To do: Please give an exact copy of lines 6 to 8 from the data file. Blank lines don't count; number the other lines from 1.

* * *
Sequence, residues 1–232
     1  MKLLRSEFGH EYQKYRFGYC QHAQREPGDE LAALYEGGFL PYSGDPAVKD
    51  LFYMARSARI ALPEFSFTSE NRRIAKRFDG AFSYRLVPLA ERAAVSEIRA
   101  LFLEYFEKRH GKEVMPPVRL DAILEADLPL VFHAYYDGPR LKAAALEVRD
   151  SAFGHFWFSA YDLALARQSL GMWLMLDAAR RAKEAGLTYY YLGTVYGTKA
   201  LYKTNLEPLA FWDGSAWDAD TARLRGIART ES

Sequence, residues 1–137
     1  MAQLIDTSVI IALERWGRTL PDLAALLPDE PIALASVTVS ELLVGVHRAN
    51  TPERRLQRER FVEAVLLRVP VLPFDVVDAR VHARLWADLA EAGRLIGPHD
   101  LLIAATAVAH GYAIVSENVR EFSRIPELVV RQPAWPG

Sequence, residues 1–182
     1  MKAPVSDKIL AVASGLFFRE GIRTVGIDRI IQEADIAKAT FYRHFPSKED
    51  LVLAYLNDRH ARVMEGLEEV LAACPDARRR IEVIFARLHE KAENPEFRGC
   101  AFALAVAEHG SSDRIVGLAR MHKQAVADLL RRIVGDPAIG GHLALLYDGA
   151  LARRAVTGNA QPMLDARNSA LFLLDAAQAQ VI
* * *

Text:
   201  LYKTNLEPLA FWDGSAWDAD TARLRGIART ES

Sequence, residues 1–137
     1  MAQLIDTSVI IALERWGRTL PDLAALLPDE PIALASVTVS ELLVGVHRAN